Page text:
Anthem

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An anthem is a musical composition of celebration, usually used as a symbol for a distinct group, particularly the national anthems of countries. Originally, and in music theory and religious contexts, it also refers more particularly to short sacred choral work (still frequently seen in Sacred Harp and other types of shape note singing) and still more particularly to a specific form of Anglican church music.

Etymology[edit]

Anthem is derived from the Greek ἀντίφωνα (antíphōna) via Old English antefn. Both words originally referred to antiphons, a call-and-response style of singing.[1] The adjectival form is "anthemic".

History[edit]

Anthems were originally a form of liturgical music. In the Church of England, the rubric appoints them to follow the third collect at morning and evening prayer. Several anthems are included in the British coronation service.[1] The words are selected from Holy Scripture or in some cases from the Liturgy and the music is generally more elaborate and varied than that of psalm or hymn tunes.[1] Being written for a trained choir rather than the congregation, the Anglican anthem is analogous to the motet of the Catholic and Lutheran Churches but represents an essentially English musical form.[2] Anthems may be described as "verse", "full", or "full with verse", depending on whether they are intended for soloists, the full choir, or both. Another way of describing an anthem is that it is a piece of music written specifically to fit a certain accompanying text, and it is often difficult to make any other text fit that same melodic arrangement. It also often changes melody and/or meter, frequently multiple times within a single song, and is sung straight through from start to finish, without repeating the melody for following verses like a normal song (although certain sections may be repeated when marked). An example of an anthem with multiple meter shifts a, fuguing, and repeated sections is "Claremont", or "Vital Spark of Heav'nly Flame". [1]. Another well known example is William Billing's Easter Anthem,[3] also known as "The Lord Is Risen Indeed!" after the opening lines. This anthem is still one of the more popular songs in the Sacred harp tune book.[1]

The anthem developed as a replacement for the Catholic "votive antiphon" commonly sung as an appendix to the main office to the Blessed Virgin Mary or other saints. During the Elizabethan period, notable anthems were composed by Thomas Tallis, William Byrd, Tye, and Farrant[1] but they were not mentioned in the Book of Common Prayer until 1662 when the famous rubric "In quires and places where they sing here followeth the Anthem" first appears. Early anthems tended to be simple and homophonic in texture, so that the words could be clearly heard. During the 17th century, notable anthems were composed by Orlando Gibbons, Henry Purcell, and John Blow,[1] with the verse anthem becoming the dominant musical form of the Restoration.[citation needed] In the 18th century, famed anthems were composed by Croft, Boyce, James Kent, James Nares, Benjamin Cooke, and Samuel Arnold.[1] In the 19th, Samuel Sebastian Wesley wrote anthems influenced by contemporary oratorio which stretch to several movements and last twenty minutes or longer. Later in the century, Charles Villiers Stanford used symphonic techniques to produce a more concise and unified structure. Many anthems have been composed since this time, generally by organists rather than professional composers and often in a conservative style. Major composers have usually composed anthems in response to commissions and for special occasions. Examples include Edward Elgar's 1912 "Great is the Lord" and 1914 "Give unto the Lord" (both with orchestral accompaniment), Benjamin Britten's 1943 Rejoice in the Lamb (a modern example of a multi-movement anthem, today heard mainly as a concert piece), and, on a much smaller scale, Ralph Vaughan Williams's 1952 "O Taste and See" written for the coronation of Queen Elizabeth II. With the relaxation of the rule, in England at least, that anthems should be only in English, the repertoire has been greatly enhanced by the addition of many works from the Latin repertoire.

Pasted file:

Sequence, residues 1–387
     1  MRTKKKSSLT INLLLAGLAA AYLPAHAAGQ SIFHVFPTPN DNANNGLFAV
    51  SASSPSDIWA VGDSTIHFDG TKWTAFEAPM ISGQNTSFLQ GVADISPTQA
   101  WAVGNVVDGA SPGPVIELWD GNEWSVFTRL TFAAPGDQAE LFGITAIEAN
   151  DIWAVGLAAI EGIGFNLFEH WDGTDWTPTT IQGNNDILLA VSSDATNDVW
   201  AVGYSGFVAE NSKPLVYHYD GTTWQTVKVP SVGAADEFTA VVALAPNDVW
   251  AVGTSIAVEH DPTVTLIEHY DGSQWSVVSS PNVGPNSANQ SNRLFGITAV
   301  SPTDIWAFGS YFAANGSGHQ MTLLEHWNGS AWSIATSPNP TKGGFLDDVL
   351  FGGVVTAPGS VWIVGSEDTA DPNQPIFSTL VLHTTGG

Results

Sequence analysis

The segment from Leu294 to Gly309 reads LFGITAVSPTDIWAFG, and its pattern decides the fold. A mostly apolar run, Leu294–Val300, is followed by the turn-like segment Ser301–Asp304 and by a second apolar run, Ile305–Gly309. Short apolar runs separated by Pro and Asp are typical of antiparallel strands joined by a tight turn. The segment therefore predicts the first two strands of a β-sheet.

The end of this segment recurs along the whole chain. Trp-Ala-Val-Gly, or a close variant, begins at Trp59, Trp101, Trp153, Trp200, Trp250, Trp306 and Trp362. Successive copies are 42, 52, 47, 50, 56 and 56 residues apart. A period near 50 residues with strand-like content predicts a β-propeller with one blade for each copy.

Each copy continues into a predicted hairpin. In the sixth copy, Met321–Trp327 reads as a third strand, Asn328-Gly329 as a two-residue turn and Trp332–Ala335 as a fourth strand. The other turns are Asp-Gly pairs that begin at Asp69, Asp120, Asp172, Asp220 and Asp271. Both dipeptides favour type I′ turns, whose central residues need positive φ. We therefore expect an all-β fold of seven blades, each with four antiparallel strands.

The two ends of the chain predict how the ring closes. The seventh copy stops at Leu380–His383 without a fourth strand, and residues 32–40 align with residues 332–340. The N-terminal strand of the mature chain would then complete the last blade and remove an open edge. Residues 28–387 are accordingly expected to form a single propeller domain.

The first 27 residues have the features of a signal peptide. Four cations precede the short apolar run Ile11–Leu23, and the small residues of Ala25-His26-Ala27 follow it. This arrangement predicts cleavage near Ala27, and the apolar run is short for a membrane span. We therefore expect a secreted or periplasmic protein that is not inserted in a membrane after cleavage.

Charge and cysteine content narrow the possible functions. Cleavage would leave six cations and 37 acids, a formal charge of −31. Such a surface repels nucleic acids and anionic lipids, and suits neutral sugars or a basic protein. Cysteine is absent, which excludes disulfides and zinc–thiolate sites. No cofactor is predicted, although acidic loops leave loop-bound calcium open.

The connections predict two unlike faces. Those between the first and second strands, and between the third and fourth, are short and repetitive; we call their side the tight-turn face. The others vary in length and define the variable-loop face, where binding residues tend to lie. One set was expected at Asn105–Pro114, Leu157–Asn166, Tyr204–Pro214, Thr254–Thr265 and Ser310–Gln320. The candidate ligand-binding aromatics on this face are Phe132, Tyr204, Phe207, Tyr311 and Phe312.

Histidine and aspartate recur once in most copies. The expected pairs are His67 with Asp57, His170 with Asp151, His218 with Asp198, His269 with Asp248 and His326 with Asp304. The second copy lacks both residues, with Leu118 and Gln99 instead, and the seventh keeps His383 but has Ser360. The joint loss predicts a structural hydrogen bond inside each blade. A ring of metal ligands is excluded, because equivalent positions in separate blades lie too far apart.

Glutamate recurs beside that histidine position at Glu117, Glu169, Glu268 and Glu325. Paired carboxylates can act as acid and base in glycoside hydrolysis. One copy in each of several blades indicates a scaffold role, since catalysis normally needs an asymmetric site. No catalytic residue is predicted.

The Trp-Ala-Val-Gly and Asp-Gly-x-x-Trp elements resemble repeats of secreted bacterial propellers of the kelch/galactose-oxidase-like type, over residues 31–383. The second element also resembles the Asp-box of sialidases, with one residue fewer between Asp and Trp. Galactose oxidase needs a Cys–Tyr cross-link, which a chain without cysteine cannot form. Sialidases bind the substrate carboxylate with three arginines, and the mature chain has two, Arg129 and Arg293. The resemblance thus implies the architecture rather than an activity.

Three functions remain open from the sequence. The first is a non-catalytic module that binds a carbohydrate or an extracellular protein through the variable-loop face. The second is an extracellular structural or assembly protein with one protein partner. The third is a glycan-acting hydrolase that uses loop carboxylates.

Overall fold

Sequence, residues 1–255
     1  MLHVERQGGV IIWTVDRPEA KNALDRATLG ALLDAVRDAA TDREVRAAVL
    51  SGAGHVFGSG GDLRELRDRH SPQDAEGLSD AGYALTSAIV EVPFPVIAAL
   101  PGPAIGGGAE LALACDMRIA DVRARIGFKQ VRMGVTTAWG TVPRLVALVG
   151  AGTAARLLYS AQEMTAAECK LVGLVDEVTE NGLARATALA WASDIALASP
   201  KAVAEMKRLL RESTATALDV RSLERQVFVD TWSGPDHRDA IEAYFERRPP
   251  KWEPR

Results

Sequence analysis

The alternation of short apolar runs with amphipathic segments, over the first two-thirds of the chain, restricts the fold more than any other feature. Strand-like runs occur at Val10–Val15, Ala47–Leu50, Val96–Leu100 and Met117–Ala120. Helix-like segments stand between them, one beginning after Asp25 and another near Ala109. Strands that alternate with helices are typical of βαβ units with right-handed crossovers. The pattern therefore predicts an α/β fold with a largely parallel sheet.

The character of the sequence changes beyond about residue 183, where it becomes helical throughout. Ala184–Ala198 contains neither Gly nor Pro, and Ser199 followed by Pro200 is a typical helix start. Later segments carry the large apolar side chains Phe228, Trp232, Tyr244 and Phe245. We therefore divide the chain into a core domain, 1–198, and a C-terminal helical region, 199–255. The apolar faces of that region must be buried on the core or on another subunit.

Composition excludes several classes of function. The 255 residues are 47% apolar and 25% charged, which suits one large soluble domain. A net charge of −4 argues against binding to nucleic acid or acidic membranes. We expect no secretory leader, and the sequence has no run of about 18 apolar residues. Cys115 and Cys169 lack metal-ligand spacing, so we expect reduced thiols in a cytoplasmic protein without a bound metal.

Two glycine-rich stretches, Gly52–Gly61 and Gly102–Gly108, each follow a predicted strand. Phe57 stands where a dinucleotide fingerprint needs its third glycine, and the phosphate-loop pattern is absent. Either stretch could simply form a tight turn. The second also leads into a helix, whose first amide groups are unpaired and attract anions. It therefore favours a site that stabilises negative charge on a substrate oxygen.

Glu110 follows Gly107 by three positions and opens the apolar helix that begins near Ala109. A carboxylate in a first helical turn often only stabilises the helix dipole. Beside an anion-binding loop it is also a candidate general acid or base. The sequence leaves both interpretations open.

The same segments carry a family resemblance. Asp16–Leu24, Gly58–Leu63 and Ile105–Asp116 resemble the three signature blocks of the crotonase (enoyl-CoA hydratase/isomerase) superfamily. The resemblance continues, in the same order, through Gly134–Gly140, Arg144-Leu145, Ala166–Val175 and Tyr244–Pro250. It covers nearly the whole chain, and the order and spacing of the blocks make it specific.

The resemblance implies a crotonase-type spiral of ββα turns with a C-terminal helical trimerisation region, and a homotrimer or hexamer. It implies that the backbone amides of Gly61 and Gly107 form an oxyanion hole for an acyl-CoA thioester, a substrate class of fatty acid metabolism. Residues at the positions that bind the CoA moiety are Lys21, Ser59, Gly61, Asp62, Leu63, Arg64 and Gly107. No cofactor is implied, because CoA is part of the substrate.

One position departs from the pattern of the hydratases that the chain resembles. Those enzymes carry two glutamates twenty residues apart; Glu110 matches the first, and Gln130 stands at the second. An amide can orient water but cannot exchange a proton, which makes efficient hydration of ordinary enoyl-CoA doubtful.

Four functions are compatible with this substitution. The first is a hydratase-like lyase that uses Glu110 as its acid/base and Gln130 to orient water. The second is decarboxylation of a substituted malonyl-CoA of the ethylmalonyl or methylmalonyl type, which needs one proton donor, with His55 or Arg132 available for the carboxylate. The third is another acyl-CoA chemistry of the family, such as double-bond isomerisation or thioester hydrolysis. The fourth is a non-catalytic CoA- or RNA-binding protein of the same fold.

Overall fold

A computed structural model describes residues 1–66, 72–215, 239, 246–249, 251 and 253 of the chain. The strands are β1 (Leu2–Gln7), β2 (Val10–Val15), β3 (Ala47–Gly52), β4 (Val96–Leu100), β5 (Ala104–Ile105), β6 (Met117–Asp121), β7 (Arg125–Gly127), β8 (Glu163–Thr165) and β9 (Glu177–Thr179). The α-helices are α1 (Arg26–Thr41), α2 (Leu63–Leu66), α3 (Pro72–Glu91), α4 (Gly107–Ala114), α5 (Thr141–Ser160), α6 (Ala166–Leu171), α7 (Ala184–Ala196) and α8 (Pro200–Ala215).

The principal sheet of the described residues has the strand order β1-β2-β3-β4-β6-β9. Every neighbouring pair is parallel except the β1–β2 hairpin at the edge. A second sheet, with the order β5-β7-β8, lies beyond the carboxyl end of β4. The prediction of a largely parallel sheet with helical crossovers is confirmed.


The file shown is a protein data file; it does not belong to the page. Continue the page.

Types[edit]

The word "anthem" is commonly used to describe any celebratory song or composition for a distinct group, as in national anthems. Many pop songs are used as sports anthems, notably including Queen's "We Are the Champions" and "We Will Rock You", and some sporting events have their own anthems, most notably including UEFA Champions League. Further, some songs are artistically styled as anthems, whether or not they are used as such, including Marilyn Manson's "Irresponsible Hate Anthem", Silverchair's "Anthem for the Year 2000", and Toto's "Child's Anthem".

National anthem[edit]

Shared anthems[edit]

Although anthems are used to distinguish states and territories, there are instances of shared anthems. "Nkosi Sikelel' iAfrika" became a pan-African liberation anthem and was later adopted as the national anthem of five countries in Africa including Zambia, Tanzania, Namibia and Zimbabwe after independence. Zimbabwe and Namibia have since adopted new national anthems. Since 1997, the South African national anthem has been a hybrid song combining new English lyrics with extracts of "Nkosi Sikelel' iAfrika" and the former state anthem "Die Stem van Suid-Afrika".